The problems with labels of culture

The problem with labels of culture is first that they are shallow – working only in terms of stereotypes on the lines of 'all Frenchmen eat frogs' – and confusing: the painting of a pipe by Magritte labelled "Ceci n'est pas une pipe" (this is not a pipe) is an example of this. The confusion lies in labelling something that looks like a pipe as 'not a pipe' because, in fact, it is not a pipe but a two dimensional representation of a pipe. Similarly a label of culture is not the culture but a severely abbreviated verbal description. Labels do not represent the pervasive, implicit, nuanced, subtle, complex, and dynamic ways of community being that might be generalisable across an organisation but experienced individually and subjectively.

Second labels imply something fixed in the same way that a flag is fixed. The flag of a country does not change beyond recognition – the Union Jack or the Star Spangled Banner have been the way they have for decades. An organization's culture, however is always moving and fluid, as Gareth Morgan's definition states "(Culture is) an active living phenomenon through which people jointly create and recreate the worlds in which they live."

Third labels do not invite creating a shared meaning. When he took over as chief executive of Lehmann Brothers in 1994, Richard Fuld determined to establish "a culture built on teamwork" as in his view "(this) leads to the best business decisions for the firm as a whole, and paying employees in stock helped reinforce that culture. I wanted them all to think and act and behave like owners." If, as in this case, there is no concerted effort to create a shared understanding then simply making the statement is a recipe for disaster. Again taking the example it:

• Assumes that Fuld's notion of 'teamwork' is the same as each employee's
• Presumes employees have a common view of what thinking, acting and behaving as an owner is (and want to be an owner)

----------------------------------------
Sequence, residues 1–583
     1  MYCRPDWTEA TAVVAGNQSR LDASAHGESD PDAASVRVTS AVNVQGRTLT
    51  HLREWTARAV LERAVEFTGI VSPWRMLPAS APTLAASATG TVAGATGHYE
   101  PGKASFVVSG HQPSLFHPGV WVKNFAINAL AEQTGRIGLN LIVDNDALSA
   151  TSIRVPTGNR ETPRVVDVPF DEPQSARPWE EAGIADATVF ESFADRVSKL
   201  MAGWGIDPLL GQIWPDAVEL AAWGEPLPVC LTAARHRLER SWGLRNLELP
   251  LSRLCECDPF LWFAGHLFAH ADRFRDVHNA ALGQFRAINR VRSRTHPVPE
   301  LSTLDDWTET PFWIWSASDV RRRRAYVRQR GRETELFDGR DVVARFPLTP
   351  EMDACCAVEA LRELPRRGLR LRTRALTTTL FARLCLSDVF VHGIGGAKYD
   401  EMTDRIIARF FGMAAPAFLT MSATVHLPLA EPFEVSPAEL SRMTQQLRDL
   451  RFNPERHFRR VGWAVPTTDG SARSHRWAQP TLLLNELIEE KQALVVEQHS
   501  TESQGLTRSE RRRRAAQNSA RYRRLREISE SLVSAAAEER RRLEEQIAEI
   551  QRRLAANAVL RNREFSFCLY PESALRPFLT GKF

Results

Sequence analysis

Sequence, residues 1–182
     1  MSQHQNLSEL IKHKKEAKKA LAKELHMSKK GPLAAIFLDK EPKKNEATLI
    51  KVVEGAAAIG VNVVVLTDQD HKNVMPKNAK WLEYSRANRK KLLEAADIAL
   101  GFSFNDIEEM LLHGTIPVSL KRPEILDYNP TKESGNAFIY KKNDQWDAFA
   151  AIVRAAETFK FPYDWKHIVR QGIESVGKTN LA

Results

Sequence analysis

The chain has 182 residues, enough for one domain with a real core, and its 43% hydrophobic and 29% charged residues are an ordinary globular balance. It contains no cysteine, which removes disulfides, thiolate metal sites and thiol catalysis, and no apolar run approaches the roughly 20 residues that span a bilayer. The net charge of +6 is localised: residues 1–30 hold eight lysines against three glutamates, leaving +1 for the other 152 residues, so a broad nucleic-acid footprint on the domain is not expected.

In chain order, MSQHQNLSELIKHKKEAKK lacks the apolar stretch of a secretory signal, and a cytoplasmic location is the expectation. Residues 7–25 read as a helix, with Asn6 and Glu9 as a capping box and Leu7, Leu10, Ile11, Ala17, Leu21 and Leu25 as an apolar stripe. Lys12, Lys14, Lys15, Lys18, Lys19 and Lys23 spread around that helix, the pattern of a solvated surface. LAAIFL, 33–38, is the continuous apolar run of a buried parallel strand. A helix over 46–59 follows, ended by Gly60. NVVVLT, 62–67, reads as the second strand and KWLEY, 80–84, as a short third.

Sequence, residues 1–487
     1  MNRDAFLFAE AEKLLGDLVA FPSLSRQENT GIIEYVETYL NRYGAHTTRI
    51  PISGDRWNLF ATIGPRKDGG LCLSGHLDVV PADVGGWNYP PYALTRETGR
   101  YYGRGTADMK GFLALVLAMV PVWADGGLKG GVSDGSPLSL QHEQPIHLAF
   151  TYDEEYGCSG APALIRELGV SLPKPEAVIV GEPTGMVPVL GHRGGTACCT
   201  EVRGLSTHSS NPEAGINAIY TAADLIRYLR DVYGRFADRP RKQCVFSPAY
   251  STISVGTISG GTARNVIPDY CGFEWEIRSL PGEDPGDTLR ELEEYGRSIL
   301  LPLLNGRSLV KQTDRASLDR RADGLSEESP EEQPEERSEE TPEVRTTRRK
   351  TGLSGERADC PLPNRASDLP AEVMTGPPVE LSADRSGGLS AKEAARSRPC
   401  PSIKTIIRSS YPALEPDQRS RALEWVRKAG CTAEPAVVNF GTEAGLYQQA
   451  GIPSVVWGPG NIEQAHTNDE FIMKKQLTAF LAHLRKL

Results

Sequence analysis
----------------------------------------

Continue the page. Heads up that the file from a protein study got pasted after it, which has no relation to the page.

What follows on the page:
• Acts as if people are motivated by the same rewards – in this case stock
• Believes that 'teamwork' leads to best business decisions

Fuld's main action to develop a "culture of teamwork" was to link compensation to the overall performance of the firm through equity awards (Fuld being awarded colossal sums – somewhere between $350 million and $484.8 million between 2000 and 2008). when Lehman Brothers filed for bankruptcy during the financial sector collapse of 2008 it became clear that the 'culture of teamwork' was one based on greed, lack of oversight and accountability, and blame – not the characteristics commonly associated either teamwork, or with well run owner-managed businesses.

Edgar Schein's definition of culture reinforces the notion that creation of shared meaning is core. He defines culture as "A pattern of shared basic assumptions that the group learned as it solved its problems of external adaptation and internal integration, that has worked well enough to be considered valid and therefore, to be taught to new members as the correct way to perceive, think, and feel in relation to those problems."

Given that labels of culture are a fact of organisational life, and also that they have severe limitations what approaches can you take to see beyond the label and into the richness of what it stands for? Tomorrow's blog presents some thought on this.